Pastrnak is an NHL superstar-in-the-making and his first run to the Stanley Cup Final is another opportunity to better himself as a hockey player.

Now it’s more a question as to how good he can be where he finished with 38 goals and 81 points last season, and clearly has the ability to get up in the neighborhood of 50 goals and 100 points if healthy and at his best.

The other question is where he’d be best at moving forward. It would appear the Bruins are comfortable keeping the skilled, game-breaking Pastrnak on the right wing with Patrice Bergeron and Brad Marchand on the Perfection Line. But there’s always the option to move Pastrnak down with his fellow Czech David Krejci and diversify their scoring at times, while also potentially moving a bigger, stronger forward with Bergeron and Marchand.

This will be a daily question for Bruce Cassidy and the Bruins coaching staff on a game-by-game basis, but the bigger picture is about Pastrnak’s evolution into the best player on the B’s roster. The 23-year-old isn’t there yet and he showed during the long postseason run that there are still areas where his game can mature into the complete player he will become.

But there’s still no denying the bright future for Pastrnak after five brilliant NHL seasons, and that this past spring will end up being another formative experience that is pointed toward being the future of the franchise.    

Key stat: 81 – The career-high number of points in 66 games for Pastrnak, who is just scratching the surface of how good he can be at 23 years old. Now it’s about continuing to evolve during the regular season and becoming that kind of dominant player in the postseason as well.  

Pastrnak in his own words: “It was obviously challenging for me, but I had 25 guys to help pick me up just like I would do the opposite [for them]. It was the mental stuff, you know? In this kind of life, even if you don't want to see stuff, read stuff and blah-blah with the media, it's tough. You're always going to see it. And that's fine, you know? I will take a lot of positives from this. I'm just going to get stronger mentally. So it was a good experience. It's a big mental experience. I gained a lot this postseason. The mental stuff is what I learned the most. [I learned] that it doesn't [expletive] matter if you play a bad friggen' game. It's the playoffs. Or if you have a bad shift. It's the playoffs and you just need to come back to the bench and make sure you're ready for the next shift no matter what happened behind you. It's the tough part of hockey sometimes when you get back stuck on something instead of looking forward, and focusing on the next shift. Sometimes you get stuck on thinking what happened before and that brings you down kind of."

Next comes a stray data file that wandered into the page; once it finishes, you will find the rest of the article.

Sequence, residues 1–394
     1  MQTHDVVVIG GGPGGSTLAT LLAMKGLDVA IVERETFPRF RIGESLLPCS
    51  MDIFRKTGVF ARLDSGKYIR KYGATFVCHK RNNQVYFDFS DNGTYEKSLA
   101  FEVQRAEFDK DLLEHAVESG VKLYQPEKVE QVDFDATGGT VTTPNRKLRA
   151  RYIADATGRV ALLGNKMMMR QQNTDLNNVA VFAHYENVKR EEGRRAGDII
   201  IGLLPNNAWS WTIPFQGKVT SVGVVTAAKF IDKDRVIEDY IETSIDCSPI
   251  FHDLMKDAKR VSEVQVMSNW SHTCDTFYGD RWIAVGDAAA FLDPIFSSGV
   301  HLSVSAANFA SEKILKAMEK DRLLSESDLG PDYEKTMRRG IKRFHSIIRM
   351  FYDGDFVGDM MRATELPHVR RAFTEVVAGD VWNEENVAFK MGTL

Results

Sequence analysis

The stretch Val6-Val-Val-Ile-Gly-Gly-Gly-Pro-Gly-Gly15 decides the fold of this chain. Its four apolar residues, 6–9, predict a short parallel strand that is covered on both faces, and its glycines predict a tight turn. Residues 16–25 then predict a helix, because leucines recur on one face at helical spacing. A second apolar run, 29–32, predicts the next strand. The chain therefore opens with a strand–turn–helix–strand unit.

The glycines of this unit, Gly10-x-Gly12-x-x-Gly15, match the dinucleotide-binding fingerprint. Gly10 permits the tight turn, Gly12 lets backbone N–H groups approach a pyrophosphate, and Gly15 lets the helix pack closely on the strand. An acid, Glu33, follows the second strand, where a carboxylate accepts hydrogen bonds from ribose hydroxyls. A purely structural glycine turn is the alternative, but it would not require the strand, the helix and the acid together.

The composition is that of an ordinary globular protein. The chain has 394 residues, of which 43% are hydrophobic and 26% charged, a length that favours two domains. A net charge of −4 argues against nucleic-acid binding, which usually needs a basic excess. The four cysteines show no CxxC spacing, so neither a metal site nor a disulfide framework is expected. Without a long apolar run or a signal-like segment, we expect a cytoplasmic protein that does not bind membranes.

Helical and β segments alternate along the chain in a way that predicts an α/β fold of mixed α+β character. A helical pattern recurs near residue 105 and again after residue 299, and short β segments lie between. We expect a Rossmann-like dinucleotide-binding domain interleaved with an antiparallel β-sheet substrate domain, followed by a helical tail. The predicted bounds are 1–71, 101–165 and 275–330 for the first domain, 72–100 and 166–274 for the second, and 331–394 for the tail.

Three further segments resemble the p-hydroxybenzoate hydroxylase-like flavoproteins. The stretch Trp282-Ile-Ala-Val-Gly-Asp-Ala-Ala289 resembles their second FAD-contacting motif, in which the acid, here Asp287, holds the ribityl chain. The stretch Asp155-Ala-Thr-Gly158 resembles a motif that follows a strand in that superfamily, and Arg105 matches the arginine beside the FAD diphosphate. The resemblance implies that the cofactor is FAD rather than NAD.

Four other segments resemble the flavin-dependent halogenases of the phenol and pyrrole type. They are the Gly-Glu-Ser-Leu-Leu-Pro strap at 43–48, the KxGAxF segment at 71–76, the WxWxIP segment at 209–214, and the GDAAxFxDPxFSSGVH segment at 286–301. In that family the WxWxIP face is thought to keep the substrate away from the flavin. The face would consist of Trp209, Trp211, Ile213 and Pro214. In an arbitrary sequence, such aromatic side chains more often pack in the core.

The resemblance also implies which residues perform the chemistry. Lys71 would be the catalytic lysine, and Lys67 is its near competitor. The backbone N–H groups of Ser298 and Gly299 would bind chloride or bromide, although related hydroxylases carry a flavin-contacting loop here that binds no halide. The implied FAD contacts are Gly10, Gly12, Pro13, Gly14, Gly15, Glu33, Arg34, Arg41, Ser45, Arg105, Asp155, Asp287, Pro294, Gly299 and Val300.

The biggest question he faces: Can Pastrnak evolve after admitting to losing confidence during the Stanley Cup playoff run? Was the thumb injury a one-time blip that the young right winger is going to learn from and become an even better pro as a result? Beyond that it’s a matter of Pastrnak becoming as good as he wants to be, provided he can continue to improve his two-way game, retain all his offensive gifts and learn how to do deal with being targeted by other teams on a nightly basis.

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20 Under 25: Jake DeBrusk hopes to salvage 2015 Draft for Bruins

20 Under 25: Jake DeBrusk hopes to salvage 2015 Draft for Bruins

Don Sweeney didn’t earn many fans when he got creative with three consecutive picks in the first round of the 2015 draft.

Jakub Zboril, the perceived safe pick, proved to be anything but. Zach Senyshyn hasn’t exactly proven those who called him a reach wrong. Meanwhile, the three players taken right after the Bruins were on the clock have become bona fide stars (Mathew Barzal, Kyle Connor, Thomas Chabot).

At least the second of those three Bruins picks has been really good. 

Truly, Jake DeBrusk has been. For a team that’s already got its share of regular 30-goal-scorers in Brad Marchand, Patrice Bergeron and David Pastrnak, DeBrusk is well on his way to becoming the fourth. In just his second NHL season, DeBrusk pushed for 30 by netting 27 goals in 68 games. 

While DeBrusk’s points have been consistent in each of his two years (43 as a rookie, 42 last season), he’ll have plenty of motivation to further break out as he enters the final year of his entry level contract. 

One unknown with DeBrusk: What kind of postseason player will he ultimately be? After first-round heroics as a rookie against the Maple Leafs, the left wing struggled in his second playoff run. His 11-point showing in 24 games left more to be desired. 

At 22, DeBrusk is already a solid top-sixer. If he becomes a star, it will really soften the blow of what was at the time a really rough draft night for the B’s. 

Click here to see this year's candidates for the 20 Under 25 list

Click here to vote for this year's 20 Under 25